Most helpful critical review
4 of 4 people found the following review helpful
For fans of rural fiction
on April 28, 2013
Debut rural fiction author Therese Creed writes from experience. She married a farmer and lives and works on the family's 17,000 acre cattle station in central Queensland.
In Redstone Station, Sam and Olive Day, struggling with failing health and growing debt, welcome the return of the grand daughter, who was essentially abandoned by her young unwed mother, that they raised. Eighteen year old Alice has finished Ag college and is ready to devote herself to reviving her grandparents farm, desperate to repay their love and faith in her. Willing to work hard, with a natural aptitude for stock handling and farm management, Alice refuses to be distracted from her goals, especially by troublemaker Jeremy O'Donnell.
The strength of Redstone Station definitely lies within its accurate depiction of everyday life on a cattle station. Fencing, mustering and maintenance are all daily chores punctuated by seasonal work such as calving, weaning and branding. It's hard, physical work that requires both brute force and an intimate knowledge of a farm's operational needs. The work ethic is something to be admired and I think Creed does an excellent job of creating an authentic setting for her story and characters.
I'm not entirely sure about the plot of Redstone Station as I thought there seemed to be a lack of focus. Alice's day to day life on the station is the strongest feature along with brief encounters with the challenges farmers face such as drought, feral animal attacks, bushfire, mining threats and the ever present financial strain, but there is no real sense of Alice ever really being in danger of losing Redstone. There is a subplot of sorts regarding her relationship with her biological parents, and her part aboriginal heritage. Though there is a development of a romantic relationship between Alice and Jeremy it is very low key for most of the novel, culminating in a rushed resolution that seems strangely old-fashioned. I just didn't think any of these ideas provided a strong enough direction or anchor for the story.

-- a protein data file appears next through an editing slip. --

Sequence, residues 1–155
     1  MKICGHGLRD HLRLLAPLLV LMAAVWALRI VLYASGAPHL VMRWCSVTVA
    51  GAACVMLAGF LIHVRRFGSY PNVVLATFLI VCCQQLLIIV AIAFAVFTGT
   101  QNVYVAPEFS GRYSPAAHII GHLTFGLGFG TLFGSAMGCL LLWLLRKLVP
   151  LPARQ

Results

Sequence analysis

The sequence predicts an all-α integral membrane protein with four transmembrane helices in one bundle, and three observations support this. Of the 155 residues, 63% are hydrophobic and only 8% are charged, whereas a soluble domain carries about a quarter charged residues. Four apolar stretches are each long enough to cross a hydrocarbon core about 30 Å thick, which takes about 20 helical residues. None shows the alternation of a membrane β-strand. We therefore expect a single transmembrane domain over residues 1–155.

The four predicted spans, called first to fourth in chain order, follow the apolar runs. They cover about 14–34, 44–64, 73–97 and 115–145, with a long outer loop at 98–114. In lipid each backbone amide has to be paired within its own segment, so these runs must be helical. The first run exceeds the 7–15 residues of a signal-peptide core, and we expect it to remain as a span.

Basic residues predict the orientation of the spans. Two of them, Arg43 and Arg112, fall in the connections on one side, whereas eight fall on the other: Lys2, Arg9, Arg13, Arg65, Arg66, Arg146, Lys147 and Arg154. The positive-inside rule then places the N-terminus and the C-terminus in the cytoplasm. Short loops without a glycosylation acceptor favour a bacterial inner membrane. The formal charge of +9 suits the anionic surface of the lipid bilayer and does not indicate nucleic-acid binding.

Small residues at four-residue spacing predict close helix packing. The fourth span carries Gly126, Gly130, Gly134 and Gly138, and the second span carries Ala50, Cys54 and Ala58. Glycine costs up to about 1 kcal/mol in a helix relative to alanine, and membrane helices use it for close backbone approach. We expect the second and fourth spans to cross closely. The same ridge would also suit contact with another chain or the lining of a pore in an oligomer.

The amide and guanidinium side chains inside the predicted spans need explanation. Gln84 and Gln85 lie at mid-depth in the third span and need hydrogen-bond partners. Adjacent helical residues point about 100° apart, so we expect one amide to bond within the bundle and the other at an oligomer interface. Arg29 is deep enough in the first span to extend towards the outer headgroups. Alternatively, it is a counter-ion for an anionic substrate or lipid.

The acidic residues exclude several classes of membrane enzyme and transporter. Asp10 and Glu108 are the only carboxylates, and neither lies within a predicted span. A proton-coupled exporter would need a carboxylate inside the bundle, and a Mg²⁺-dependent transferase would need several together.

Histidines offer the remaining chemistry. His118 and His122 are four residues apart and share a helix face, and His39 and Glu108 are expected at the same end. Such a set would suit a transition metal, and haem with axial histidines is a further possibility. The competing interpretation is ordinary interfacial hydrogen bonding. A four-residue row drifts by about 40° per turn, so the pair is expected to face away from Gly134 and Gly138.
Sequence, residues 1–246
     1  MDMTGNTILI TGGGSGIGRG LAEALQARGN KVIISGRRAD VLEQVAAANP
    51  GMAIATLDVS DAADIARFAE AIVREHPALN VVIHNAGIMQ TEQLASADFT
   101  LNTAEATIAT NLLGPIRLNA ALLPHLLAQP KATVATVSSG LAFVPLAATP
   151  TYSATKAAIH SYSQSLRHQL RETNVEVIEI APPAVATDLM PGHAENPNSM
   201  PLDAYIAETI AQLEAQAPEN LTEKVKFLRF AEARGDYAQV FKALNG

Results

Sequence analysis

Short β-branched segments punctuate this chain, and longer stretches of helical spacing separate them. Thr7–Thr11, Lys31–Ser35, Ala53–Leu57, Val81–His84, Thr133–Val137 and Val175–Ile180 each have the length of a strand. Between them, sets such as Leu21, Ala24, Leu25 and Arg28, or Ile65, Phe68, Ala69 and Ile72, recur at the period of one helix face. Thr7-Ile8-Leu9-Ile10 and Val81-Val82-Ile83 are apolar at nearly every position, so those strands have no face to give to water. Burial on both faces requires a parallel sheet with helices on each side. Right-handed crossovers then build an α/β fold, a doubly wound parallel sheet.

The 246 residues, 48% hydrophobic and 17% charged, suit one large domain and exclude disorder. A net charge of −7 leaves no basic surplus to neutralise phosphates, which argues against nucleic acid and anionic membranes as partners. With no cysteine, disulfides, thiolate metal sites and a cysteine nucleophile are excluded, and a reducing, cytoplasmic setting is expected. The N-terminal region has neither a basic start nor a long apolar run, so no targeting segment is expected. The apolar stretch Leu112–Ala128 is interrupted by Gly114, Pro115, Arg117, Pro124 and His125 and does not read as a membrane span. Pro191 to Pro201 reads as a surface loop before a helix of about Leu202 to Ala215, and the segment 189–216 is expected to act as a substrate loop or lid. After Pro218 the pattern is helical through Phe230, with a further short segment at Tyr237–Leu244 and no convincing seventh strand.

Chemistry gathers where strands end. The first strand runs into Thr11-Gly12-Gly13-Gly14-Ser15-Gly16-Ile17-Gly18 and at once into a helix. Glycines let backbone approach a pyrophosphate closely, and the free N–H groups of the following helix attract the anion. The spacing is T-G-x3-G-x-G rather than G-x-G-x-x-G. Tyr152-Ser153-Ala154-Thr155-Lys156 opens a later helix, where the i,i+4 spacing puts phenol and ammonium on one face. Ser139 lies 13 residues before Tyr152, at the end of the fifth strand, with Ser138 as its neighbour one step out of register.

I don't think it helped that I had a hard time relating to Alice as I found her reserved nature to be off putting and awkward in someone so young. There are rare glimpses of a sense of humour, and there is no doubting her passion for the land, but otherwise Alice was far too self contained for me to develop an affinity with.
In contrast, Jeremy is open and 'out there'. Though I thought perhaps his personality was just a touch too exaggerated, I did enjoy his cheeky irreverence and his lack of 'filter' but I felt that in many ways he overwhelmed Alice as the primary protagonist.
Despite having a few issues with plot and character, I did enjoy Redstone Station. It is well written with natural dialogue and a strong Australian identity. Fans of rural fiction should particularly appreciate the genuine portrayal of life on a cattle station enjoy this new addition to the genre.